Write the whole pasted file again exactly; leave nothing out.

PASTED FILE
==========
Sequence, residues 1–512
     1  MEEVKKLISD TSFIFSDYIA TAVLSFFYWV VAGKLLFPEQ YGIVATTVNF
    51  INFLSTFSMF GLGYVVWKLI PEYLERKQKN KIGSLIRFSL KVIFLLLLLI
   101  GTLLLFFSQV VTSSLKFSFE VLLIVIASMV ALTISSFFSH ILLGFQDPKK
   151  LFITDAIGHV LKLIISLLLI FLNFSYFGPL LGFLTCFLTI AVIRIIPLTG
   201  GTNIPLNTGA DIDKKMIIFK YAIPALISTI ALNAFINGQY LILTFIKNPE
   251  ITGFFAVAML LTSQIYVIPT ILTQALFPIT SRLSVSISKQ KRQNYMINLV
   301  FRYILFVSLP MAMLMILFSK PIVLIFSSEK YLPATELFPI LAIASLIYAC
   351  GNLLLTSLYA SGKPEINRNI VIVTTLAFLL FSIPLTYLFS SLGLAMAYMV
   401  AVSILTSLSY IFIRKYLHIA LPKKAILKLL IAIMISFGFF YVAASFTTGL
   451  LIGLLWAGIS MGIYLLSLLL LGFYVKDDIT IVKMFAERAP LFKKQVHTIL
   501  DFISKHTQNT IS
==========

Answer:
Sequence, residues 1–512
     1  MEEVKKLISD TSFIFSDYIA TAVLSFFYWV VAGKLLFPEQ YGIVATTVNF
    51  INFLSTFSMF GLGYVVWKLI PEYLERKQKN KIGSLIRFSL KVIFLLLLLI
   101  GTLLLFFSQV VTSSLKFSFE VLLIVIASMV ALTISSFFSH ILLGFQDPKK
   151  LFITDAIGHV LKLIISLLLI FLNFSYFGPL LGFLTCFLTI AVIRIIPLTG
   201  GTNIPLNTGA DIDKKMIIFK YAIPALISTI ALNAFINGQY LILTFIKNPE
   251  ITGFFAVAML LTSQIYVIPT ILTQALFPIT SRLSVSISKQ KRQNYMINLV
   301  FRYILFVSLP MAMLMILFSK PIVLIFSSEK YLPATELFPI LAIASLIYAC
   351  GNLLLTSLYA SGKPEINRNI VIVTTLAFLL FSIPLTYLFS SLGLAMAYMV
   401  AVSILTSLSY IFIRKYLHIA LPKKAILKLL IAIMISFGFF YVAASFTTGL
   451  LIGLLWAGIS MGIYLLSLLL LGFYVKDDIT IVKMFAERAP LFKKQVHTIL
   501  DFISKHTQNT IS